japonisme: 12/21/08 - 12/28/08

27 December 2008

true beauty

when chester a arthur moved into the white house, he called in some of the most important designers of the moment to decorate. it was 1882; he called tiffany.

louis comfort tiffany and artist associates of his, including candace wheeler, designed windows, screens, fabrics and more, none of which lasted long enough for a color photo (teddy roosevelt wanted something more colonial revival).

fortunately (for several reasons), some of his interior design collaborations have lasted, and in fact some are now finally being restored.

when new york city's 7th armory was constructed on park between 66th and 67th. "It was constructed from 1877 to 1881 for the prestigious Seventh Regiment. The Seventh Regiment had a glorious history. It was the first militia to respond to President Lincoln’s call for volunteers in 1861, and the name National Guard originated with this regiment.

"After completing the Drill Hall and the three-floor Administration Building along Park Avenue, the Regiment hired the most prominent design firms in New York to create the luxurious interiors. One of the most well-known firms, Associated Artists, included Louis Comfort Tiffany, Stanford White and Candace Wheeler.

"The Aesthetic Movement, popularized in the US by the Centennial Exposition in Philadelphia in 1876, emphasized the ‘aesthetic” or artistic in the applied arts and reached its culmination in the design of interior decoration. The design is characterized by visual complexity and profusion of surface ornament, embracing many different historical styles, including Japanese, Moorish and other exotic motifs. The regimental rooms, most notably the Veterans Room and the Library, are among the most stunning spaces anywhere in New York City." 1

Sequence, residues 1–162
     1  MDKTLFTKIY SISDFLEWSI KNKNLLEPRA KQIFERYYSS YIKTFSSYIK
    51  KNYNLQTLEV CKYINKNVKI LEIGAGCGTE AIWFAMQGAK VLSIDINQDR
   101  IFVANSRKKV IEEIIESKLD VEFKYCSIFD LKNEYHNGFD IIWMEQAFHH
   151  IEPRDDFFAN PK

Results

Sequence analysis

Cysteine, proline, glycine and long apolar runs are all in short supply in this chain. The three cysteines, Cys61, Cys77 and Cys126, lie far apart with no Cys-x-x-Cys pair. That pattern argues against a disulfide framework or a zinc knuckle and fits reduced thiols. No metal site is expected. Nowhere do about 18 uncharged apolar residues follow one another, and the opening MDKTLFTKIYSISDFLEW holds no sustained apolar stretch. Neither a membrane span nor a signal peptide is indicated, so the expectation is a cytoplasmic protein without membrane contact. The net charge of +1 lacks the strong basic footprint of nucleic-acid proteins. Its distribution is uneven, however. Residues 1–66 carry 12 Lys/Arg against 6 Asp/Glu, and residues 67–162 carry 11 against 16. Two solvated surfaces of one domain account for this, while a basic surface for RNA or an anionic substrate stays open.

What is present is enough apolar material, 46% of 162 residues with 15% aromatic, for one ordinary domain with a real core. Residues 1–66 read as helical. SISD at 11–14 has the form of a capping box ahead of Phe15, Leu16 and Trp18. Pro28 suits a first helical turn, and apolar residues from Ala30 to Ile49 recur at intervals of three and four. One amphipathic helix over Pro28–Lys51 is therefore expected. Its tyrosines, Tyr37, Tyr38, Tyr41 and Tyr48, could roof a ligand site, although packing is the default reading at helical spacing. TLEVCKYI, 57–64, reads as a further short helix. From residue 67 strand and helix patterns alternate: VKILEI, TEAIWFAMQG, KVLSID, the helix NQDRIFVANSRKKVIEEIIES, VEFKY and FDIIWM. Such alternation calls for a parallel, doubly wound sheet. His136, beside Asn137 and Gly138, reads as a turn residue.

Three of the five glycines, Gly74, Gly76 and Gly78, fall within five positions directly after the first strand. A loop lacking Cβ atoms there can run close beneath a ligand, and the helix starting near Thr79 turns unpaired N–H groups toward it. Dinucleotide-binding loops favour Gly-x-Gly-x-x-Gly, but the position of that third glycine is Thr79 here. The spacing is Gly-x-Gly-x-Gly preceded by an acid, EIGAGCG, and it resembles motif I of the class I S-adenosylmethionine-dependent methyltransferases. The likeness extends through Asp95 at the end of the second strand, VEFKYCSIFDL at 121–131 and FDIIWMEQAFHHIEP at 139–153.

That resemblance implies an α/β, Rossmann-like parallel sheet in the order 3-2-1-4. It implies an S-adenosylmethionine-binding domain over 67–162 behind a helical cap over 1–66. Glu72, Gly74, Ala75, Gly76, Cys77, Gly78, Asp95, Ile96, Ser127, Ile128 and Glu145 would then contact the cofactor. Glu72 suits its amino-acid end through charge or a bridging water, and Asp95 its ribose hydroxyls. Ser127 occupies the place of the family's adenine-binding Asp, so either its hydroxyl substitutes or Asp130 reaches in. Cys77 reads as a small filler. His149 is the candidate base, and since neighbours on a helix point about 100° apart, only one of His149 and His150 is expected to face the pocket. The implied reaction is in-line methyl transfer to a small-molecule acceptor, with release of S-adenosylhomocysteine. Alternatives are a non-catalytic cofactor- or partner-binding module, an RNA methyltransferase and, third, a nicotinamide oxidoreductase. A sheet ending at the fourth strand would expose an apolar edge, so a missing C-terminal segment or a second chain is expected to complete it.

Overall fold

and it was fortunate for us, in a manner no one could have predicted:
"Ten years ago I stumbled on my first reference to the work of Louis Comfort Tiffany. I was studying American architecture at Yale University and preparing a paper on armory buildings in New York City. Tiffany, I found, had decorated the Veterans' Room and Library for one of these.

"The following semester, I presented a seminar report on Tiffany as the leading American exponent of Art Nouveau and, just for fun, I purchased a Favrile glass bowl make by Tiffany as a demon- stration of his work. It cost four dollars and I thought it was expensive. Today it is worth a great deal more. [1,000 times more] When I brought it home my wife asked, 'How long do we have to keep it?'"

Robert Koch, 1964 •
Louis C. Tiffany: Rebel in Glass.

in 1957, mr koch went on to complete his dissertation on tiffany, and then in 1958, to curate, with thomas s tibbs, the tiffany exhibition at the museum of contemporary crafts.

tiffany said, “Styles are merely the copying of what others have done, perhaps done better than we. God has given us our talents, not to copy the talents of others, but rather to use our brains and our imaginations in order to obtain the revelation of True Beauty.”

t's true: his work was stylistic enough that we can easily see when he left his "aesthetic phase" and entered his "art nouveau phase." but every artist believes this of their work, and must. it's how our collective unconscious moves through time.

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25 December 2008

scarlett ribbons

I never got along with my
father - when I was 3 I wished
they would break up so I could
go off with my mom.

The same mom who was so
jealous of his adoration of
the infant me that she cut
it off at the source.

He hauled off and slugged me
often. “Don’t you talk to your
mother that way!”
She hit me too. With a shoe.

But stuck in my head